|Michael Gilligan||15/11/2018 08:35:14|
13827 forum posts
Thanks for that link, Mick
|David Standing 1||15/11/2018 09:17:59|
|1267 forum posts|
Excellent video, and I WANT that small shaper!
|1299 forum posts|
Very good Mick - enjoyed watching that video - and he has a shaper too!
|Old School||15/11/2018 09:57:14|
|241 forum posts|
My father was a clockmaker and he made clocks for a living usually skeleton clocks with escapements that you only saw in a book in his later years he made orrery clocks in batches of five.The drawings were very simple just a series of circles going up the plates and of course the maths to go with them. I could never have made one from his drawings. I work this way I don't do proper drawings but I am not a clockmaker but race tether cars that I build amongst other things I build.
Edited By Old School on 15/11/2018 09:57:32
|Paul M||15/11/2018 10:13:34|
|24 forum posts|
I have a set of Model Engineer from the 1950's and was reading an article that was concerned that model building was going to die out!
As a retired Design and Technology teacher, I believe the lack of skill based teaching in the subject is the most likely thing to threaten the future survival of craft skills generally. Fewer schools have the staff with the knowledge to teach engineering, or for that matter any craft subject to any depth. I visited many schools where machines were gathering dust because teachers had no idea how to use them. Not to mention the cuts and pressure on the subject to provide tools and materials.
|Mike Poole||15/11/2018 11:19:39|
2048 forum posts
I retired 2 years ago fom the MINI plant Oxford and they had built a new apprentice training school with conventional machine tools to give the apprentices a year of practical hands on training, it was good to see. I am sure that an apprentice should have a solid appreciation of how things are made even if the job they will do at the end will not require them to use a lathe or a mill or do any bench fitting. I was turned to the dark side by the electrical instructor but I always had a love of getting my hands dirty on mechanical jobs and feel the first year of general training was time well spent. Another generation of apprentice will have been exposed to the basics and it may spark an interest in making things.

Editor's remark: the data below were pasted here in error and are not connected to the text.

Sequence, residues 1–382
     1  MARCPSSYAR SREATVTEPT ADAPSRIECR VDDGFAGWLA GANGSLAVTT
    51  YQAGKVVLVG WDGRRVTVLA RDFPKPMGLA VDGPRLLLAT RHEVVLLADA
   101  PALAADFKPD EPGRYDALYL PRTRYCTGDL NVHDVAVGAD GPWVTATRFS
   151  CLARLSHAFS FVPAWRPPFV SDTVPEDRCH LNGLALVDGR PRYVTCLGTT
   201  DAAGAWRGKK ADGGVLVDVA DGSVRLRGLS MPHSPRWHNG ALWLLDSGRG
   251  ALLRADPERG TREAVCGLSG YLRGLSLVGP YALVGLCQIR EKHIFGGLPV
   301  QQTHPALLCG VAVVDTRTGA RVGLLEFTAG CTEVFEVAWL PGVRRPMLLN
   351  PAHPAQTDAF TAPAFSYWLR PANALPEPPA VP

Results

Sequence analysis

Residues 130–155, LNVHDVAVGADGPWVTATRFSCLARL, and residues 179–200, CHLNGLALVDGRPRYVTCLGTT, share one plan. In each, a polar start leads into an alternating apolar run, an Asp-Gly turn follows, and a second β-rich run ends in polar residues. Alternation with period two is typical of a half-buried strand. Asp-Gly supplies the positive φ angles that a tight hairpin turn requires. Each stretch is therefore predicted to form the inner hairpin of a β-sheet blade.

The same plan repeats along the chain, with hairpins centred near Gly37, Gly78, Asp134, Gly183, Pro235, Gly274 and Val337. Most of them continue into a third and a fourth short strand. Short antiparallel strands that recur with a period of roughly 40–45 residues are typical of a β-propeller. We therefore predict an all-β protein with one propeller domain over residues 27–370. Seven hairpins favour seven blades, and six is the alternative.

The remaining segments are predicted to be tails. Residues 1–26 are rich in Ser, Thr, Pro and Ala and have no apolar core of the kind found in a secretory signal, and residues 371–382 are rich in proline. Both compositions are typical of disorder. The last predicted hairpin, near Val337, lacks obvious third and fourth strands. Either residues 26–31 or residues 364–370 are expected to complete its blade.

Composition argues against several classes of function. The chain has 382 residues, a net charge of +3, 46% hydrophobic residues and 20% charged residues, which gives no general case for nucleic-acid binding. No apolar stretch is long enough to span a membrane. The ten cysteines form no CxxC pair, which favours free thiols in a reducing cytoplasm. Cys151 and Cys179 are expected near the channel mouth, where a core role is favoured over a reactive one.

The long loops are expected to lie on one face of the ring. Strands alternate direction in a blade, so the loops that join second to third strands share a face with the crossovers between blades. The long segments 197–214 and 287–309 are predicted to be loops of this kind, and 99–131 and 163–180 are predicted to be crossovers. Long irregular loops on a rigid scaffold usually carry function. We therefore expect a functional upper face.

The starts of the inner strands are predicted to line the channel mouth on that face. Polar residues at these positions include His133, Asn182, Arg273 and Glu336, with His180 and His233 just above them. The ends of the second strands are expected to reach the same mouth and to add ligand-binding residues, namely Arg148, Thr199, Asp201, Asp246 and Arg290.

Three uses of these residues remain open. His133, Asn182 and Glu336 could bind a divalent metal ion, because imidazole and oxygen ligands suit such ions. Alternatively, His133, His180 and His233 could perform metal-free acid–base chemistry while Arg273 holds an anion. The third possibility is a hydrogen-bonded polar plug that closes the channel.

|598 forum posts|
After spending five years training up to 50 apprentices a year in basic machining skills, the most received comment I get after they have completed their tasks is:
'How much will I get for it on Ebay'
|Roderick Jenkins||15/11/2018 12:25:05|
1776 forum posts
I think we need to ask Arc, Warco, Chester et al whether home engineering is dying out. My guess is that more hobby machine tools than ever are being sold.
|909 forum posts|
I take it that "more hobby machine tools than ever are being sold" means 2nd hand by elderly owners giving up the hobby.
Suppliers had it good for quite a few years with very large numbers of the 'baby boomers generation" retiring and causing a major expansion of the hobby. It is only to be expected that there will be a similar change in the opposite direction as they get older and past it/pop clogs.
As I see it, youngsters will want to do this get differently and many will struggle to build steam locos in the traditional way due to no metalwork classes at school and no evening classes for it either and no engineering apprenticeship training. That all means a much lower skill set in "dirty metal bashing" which they will replace by their 'puter skills with cnc machining to achieve the same end. "I wannit now" attitude means that many more electric powered models will appear as they will be very much quicker to complete and run. Basically well up simple frame, turn/ buy in some wheels, buy a battery or two and a few motors, wire it all up to bought in controller and away you go.
This sphere of life is on the change just like so many others.
|Trevor Roberts||15/11/2018 12:58:32|
|6 forum posts|
I don't believe that model engineering is dying out, it is changing. Some may think for the worse, some may not.
I know many younger people, mind you I'm nearly 65 so to me 'younger' carries a wide spectrum of ages, who are becoming interested in workshop activities, though they are not necessarily interested in making a steam based project.
My eldest son, now thirty, has become increasingly interested in workshop based, practical activities, though in his case he is interested in eventually building a traction engine. Mind you he works long hours and he has a young baby son so his spare time is limited, as was mine when I was his age.
Possibly model engineering should be 'renamed' amateur and model engineering (I hesitate to use the term miniature engineering on this website).
The internet is affecting model engineering as it is affecting every aspect of life. People are ordering materials etc. via the internet they are not reliant on waiting until they can get to an exhibition. We are seeing this reflected in the number of suppliers who now attend exhibitions, the disruption to their business (in terms of time away from base, not just exhibiting but the days preparing, travelling and then returning things to stock after the exhibition) and the subsequent delays on internet order processing is causing some to make the decision not to attend. Of course the cost of an exhibition stand are also part of the calculation.
There is much excellent internet content, though their is also a lot of dross mind.
The clickspring site is, at least to me an, example of an excellent site with good content and with good clear explanations. It is not model engineering but it is amateur clockmaker/small scale machine building. Check out the content on the replica Antikythera mechanism. Check out his workshop made tools etc..
As I say the hobby is changing, change happens, that's life.